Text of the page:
How to Hold a Classical Guitar
When you are learning to play any instrument, it is essential to master the fundamentals and the classical guitar is no exception. Holding your guitar correctly will enable you to feel relaxed whilst playing and to more easily develop your technique. Playing your instrument will feel effortless if you are properly seated and holding your guitar correctly.
Sitting & posture
Your chosen chair should not be too high or too low. You should be able to sit so that your thighs are parallel to the ground when both of your feet are flat on the floor and are the width of your hips apart. Straighten your spine, neck and head to balance your upper body.
Place your guitar
Your guitar must be positioned so as to afford you easy access to the strings with both hands. If you are using a footstool, place this underneath your left foot and then place the guitar so that the middle of the body is resting on your left thigh. The lower bout should rest on your right thigh. If you need to make more room for the body, turn you right foot slightly outwards.
If you are using an attachable support, attach this to the support on the side of the guitar and then place it on your left leg. The lower bout should rest on your right leg.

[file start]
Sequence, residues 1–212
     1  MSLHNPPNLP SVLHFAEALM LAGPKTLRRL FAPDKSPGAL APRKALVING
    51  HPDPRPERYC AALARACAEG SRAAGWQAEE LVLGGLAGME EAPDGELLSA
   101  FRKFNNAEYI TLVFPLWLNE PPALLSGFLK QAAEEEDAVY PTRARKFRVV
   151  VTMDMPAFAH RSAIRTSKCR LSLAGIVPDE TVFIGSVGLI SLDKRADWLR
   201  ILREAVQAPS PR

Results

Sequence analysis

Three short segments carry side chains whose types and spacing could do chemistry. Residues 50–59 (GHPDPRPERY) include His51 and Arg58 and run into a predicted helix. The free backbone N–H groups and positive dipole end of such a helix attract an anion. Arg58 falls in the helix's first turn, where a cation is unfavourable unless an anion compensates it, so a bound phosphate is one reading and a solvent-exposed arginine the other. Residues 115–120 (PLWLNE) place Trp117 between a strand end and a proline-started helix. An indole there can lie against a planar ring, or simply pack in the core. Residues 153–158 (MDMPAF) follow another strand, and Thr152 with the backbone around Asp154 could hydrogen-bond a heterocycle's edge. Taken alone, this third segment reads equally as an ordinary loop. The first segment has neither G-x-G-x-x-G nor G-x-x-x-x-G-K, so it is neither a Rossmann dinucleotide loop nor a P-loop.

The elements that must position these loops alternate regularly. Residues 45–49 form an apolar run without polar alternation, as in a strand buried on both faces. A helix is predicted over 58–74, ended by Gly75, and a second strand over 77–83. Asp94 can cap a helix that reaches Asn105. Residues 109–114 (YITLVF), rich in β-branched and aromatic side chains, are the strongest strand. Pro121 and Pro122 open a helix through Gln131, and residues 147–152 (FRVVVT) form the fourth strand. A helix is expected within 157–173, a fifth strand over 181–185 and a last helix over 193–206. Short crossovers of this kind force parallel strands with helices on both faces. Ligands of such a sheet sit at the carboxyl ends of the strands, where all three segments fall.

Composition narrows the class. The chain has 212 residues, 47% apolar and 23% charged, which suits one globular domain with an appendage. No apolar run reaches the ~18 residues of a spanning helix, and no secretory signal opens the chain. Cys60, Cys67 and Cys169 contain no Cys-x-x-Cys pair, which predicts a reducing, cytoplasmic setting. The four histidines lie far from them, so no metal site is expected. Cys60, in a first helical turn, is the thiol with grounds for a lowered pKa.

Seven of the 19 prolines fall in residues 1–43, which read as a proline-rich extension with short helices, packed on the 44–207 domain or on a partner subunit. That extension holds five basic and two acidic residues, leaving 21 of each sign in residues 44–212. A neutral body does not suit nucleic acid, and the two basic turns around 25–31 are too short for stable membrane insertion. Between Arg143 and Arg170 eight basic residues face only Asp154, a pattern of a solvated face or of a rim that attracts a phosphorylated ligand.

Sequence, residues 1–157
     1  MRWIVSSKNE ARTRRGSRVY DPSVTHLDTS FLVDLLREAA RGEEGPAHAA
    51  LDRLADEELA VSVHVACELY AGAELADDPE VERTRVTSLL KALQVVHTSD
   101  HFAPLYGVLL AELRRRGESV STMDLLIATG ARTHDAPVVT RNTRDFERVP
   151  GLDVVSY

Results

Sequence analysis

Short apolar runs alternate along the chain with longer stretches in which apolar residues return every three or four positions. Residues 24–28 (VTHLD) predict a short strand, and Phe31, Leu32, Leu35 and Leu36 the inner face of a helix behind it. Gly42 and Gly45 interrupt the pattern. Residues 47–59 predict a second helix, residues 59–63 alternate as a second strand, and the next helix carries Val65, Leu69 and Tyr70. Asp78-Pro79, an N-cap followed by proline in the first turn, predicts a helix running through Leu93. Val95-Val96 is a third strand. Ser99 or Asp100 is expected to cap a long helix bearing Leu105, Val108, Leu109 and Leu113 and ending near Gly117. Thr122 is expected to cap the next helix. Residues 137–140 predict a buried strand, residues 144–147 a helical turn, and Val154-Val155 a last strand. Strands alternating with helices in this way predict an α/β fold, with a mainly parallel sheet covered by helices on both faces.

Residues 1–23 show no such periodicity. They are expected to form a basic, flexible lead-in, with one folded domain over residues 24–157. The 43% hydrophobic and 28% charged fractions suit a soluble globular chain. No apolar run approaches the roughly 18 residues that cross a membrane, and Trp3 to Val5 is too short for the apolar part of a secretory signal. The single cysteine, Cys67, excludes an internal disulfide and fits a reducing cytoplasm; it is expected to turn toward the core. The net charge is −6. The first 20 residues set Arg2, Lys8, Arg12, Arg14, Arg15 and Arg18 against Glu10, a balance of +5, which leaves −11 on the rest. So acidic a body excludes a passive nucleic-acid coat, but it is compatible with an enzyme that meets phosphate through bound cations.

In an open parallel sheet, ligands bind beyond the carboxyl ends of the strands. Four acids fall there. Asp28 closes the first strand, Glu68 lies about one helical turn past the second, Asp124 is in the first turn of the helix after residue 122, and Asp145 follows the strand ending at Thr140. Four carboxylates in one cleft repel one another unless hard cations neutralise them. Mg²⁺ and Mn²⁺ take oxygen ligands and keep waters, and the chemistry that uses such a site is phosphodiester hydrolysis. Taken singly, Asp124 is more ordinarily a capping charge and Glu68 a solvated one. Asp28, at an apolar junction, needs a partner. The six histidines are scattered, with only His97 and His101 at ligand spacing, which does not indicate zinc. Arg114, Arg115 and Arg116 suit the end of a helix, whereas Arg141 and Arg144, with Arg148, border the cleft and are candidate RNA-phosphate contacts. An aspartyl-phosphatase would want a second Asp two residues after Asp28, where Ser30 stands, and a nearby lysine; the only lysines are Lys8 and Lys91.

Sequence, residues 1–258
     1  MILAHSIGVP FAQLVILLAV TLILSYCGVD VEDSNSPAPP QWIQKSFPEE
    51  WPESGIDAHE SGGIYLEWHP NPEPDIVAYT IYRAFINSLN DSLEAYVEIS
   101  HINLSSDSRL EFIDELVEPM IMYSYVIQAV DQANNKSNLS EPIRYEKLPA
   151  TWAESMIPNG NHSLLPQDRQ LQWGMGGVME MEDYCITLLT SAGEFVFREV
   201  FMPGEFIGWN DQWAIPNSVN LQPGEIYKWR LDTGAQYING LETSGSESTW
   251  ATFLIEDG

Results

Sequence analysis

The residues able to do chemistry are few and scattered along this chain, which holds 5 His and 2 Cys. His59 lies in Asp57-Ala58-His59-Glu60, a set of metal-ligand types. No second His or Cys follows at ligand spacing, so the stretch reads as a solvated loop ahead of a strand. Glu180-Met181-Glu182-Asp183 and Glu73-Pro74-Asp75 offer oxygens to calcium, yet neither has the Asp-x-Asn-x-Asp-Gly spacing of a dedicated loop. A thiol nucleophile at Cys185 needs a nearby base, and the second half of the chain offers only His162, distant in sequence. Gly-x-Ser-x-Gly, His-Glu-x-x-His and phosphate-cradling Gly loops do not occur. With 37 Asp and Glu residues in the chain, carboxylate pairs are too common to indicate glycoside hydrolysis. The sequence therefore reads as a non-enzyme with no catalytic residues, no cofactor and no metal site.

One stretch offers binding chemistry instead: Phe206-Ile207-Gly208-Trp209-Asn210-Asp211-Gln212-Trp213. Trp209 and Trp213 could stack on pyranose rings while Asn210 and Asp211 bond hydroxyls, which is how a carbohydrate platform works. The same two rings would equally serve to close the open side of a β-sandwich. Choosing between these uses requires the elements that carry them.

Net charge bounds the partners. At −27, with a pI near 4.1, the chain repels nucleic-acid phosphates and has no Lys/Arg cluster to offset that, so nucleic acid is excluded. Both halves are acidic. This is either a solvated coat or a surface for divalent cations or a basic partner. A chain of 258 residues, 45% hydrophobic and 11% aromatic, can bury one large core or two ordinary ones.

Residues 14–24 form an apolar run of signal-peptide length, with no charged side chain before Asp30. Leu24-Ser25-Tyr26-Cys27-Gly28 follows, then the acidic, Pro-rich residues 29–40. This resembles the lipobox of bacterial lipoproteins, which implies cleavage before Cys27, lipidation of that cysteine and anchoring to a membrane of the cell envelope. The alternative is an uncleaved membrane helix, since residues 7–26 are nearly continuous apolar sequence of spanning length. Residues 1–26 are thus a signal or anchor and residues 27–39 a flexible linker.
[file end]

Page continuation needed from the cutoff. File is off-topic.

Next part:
If you have chosen to use a strap, attach this to both ends of the instrument then slip your right arm and your head through the strap. The strap should rest across your back and over your left shoulder. Again, the lower bout should rest on your right thigh. Adjust the strap if necessary as the guitar should not feel too loose.
Positioning your guitar
The neck of your guitar should be sitting at an angle of less than 45 degrees. This will mean that the head is not above the level of your eyes. Whichever type of support you have chosen to use, the guitar must be centred across your body. To check this, look down. Your nose should be somewhere between the 12th fret and the sound hole of the instrument. The top of the guitar should be sitting at about chest level. It must be well- balanced so that it will remain in place without your hands or arms touching it. If you believe you have the guitar positioned correctly but it won’t stay in place, consider investing in grippers to place on your thighs.
Raise your right arm and place it on the lower bout of the instrument. Your arm should feel balanced. In other words, you shouldn’t feel as if you have to hold it in place. Put your left arm around the middle of the neck. Rest your thumb behind the neck and your fingers lightly on the fret-board. Both arms should extend an equal distance from your body. Both wrists should be relatively straight and yet relaxed. You may have to arch your right hand a little to reach the strings. Keep your shoulder’s relaxed too.
If you struggle to place your arms correctly, the position of your guitar might not be ideal. Start from the beginning and make the necessary adjustments before replacing your arms.
The following video will help you to adopt the right posture and to hold you guitar correctly: